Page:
By Daniel Bickermann. Russia can look back on one of the proudest cinematic traditions in the world: Eisenstein, Kuleshov and Vertov constituted basic cinematic grammatics and montage styles in regard to dramaturgy and documentary filmmaking. The increasing pressure of the Sovjet government meant the end of this tradition, at least until first Stalin’s death and later the era of Glasnost and Perestroika would lead internationally renowned master directors like Andrej Tarkovski, Alexandr Sokurov, Elem Klimov or Alexej German, Sr. to finally be able to realize their own visions.
The downfall of the Sovjet empire also marked a central milestone for the Russian film industry. Censorship rules dropped over night, international movies flooded into the country unhindered, ticket prices were following the free market and, most important of all, a multitude of new private production companies, distributors and film networks joined the surviving state-owned studios (of which Mosfilm surely was the most prominent). At the same time film production numbers took a sharp dip, from an average of 80 films annually during the Gorbachev years to only 20 movies nationally produced in 1996. Massive state subsidies and tax incentives would then increase this number back to 65 films annually within a couple of years, with blockbuster projects like Timur Bekmambetov’s NIGHTWATCH leaving the traditional artistic approach behind in favour of playing to modern cineplex audiences all over the world.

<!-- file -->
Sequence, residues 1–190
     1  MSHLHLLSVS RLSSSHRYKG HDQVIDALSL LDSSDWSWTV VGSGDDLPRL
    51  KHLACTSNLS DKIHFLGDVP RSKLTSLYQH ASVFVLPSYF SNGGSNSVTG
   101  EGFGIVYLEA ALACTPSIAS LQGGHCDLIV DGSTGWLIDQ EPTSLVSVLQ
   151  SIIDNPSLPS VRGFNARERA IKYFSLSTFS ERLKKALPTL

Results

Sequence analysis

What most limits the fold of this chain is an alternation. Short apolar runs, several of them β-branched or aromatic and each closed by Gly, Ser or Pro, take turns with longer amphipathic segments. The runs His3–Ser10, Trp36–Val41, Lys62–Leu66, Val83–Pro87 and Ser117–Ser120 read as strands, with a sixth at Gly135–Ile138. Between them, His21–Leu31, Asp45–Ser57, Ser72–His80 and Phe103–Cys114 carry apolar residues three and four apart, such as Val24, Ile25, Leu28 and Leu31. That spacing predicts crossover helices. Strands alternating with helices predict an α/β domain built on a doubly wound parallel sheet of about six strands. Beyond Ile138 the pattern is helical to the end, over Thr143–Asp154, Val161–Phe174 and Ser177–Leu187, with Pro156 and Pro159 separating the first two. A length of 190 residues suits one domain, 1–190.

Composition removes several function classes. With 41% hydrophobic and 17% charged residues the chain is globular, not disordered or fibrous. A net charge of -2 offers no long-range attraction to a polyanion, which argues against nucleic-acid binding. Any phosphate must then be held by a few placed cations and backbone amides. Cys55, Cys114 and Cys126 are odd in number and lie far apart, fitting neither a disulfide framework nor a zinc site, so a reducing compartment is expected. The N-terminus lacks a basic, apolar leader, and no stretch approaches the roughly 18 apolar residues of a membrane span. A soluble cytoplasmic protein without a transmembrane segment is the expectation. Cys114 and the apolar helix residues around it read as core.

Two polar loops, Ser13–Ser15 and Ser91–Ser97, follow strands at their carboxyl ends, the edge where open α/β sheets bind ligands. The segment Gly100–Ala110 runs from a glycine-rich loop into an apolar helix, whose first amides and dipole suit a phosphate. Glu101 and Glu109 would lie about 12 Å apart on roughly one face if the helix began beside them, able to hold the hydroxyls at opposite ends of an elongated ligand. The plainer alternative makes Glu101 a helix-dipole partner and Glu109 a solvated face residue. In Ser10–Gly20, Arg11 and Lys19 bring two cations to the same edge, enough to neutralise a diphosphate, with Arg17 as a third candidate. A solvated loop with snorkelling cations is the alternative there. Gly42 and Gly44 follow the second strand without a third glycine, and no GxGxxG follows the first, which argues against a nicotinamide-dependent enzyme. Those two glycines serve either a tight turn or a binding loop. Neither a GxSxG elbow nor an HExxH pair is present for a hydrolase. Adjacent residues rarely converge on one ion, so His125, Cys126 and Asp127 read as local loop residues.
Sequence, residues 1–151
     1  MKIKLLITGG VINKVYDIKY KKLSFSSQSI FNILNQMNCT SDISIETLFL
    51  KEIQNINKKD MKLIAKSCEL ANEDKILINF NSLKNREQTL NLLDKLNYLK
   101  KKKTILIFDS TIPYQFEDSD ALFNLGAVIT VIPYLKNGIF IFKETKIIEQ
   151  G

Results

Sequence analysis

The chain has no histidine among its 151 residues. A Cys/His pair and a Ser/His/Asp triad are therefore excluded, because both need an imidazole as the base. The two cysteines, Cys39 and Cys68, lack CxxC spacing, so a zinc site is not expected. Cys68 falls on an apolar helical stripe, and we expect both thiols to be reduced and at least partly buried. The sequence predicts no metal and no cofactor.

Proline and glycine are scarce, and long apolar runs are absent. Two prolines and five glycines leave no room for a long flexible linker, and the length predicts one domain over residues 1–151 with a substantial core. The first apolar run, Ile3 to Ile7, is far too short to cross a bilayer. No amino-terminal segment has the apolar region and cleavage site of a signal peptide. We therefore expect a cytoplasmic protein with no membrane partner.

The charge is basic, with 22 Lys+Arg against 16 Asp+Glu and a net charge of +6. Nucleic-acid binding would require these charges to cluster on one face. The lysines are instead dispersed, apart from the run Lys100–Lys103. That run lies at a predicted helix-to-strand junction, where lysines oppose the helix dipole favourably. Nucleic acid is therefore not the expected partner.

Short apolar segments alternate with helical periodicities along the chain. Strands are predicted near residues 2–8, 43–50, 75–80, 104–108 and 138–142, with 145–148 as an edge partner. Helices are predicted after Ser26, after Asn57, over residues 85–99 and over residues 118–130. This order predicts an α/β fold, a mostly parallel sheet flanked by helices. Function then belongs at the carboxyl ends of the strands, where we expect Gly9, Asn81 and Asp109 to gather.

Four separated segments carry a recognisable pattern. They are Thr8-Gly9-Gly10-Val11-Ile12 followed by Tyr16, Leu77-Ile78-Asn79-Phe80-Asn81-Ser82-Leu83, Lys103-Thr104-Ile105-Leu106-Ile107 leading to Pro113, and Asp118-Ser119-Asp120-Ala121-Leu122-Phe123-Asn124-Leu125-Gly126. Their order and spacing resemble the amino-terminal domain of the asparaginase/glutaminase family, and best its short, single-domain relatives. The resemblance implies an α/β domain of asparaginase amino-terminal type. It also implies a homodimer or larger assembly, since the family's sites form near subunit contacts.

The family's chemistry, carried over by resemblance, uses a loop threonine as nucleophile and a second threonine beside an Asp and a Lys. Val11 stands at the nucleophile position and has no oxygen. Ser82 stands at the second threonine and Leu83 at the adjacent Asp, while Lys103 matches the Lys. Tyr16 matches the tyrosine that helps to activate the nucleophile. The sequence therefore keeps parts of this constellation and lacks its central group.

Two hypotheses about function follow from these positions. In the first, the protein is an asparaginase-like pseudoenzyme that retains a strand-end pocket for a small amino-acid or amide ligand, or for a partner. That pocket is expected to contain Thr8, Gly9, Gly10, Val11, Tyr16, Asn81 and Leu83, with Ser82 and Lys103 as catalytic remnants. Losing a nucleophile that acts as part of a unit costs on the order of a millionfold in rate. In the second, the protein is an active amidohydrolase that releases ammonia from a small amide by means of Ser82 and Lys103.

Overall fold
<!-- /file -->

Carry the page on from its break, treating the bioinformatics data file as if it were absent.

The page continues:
In the first years of the new millennium the ticket sales for Russians films at home skyrocketed within a short time to four times the former numbers. This also speaks to a new generation of consumers having gotten used to higher ticket prices and to the new Russian cinema. The industry is also booming due to an increased production of TV and documentary features, an improved system of subsidies and securities for production financing and a couple of film schools steeped in tradition but highly modernised (among them the Russian State Institute of Cinema VGIK in Moscow, the oldest film school in the world).
Throughout its history, cinema has been the prevalent art form in Russia, which lead to a lot of well-curated and just as well-attended festivals. As should be expected from a highly centralized country, several of these festivals can be found in Moscow; but besides them is a tightly woven net of feature, short or documentary film festivals covering at least the European and Caucasian part of the nation with the world’s largest land mass – from St. Petersburg to Kansk, from Sotschi to Kasan, from Volgograd to Nishni Novgorod. Their focuses range from gay and lesbian film to the highly regarded art of animation. There are also several short film festivals which have sprung up over the last couple of years even in comparatively small cities. But as the short film industry is regularly ignored by the public film finance institutions, some of those festivals are already on the brink of closing down again. But the recent boom of the film industry has nevertheless affected young and amateur filmmakers: The numbers of film clubs are on the rise, and these give young directors the chance to present their works to an interested audience.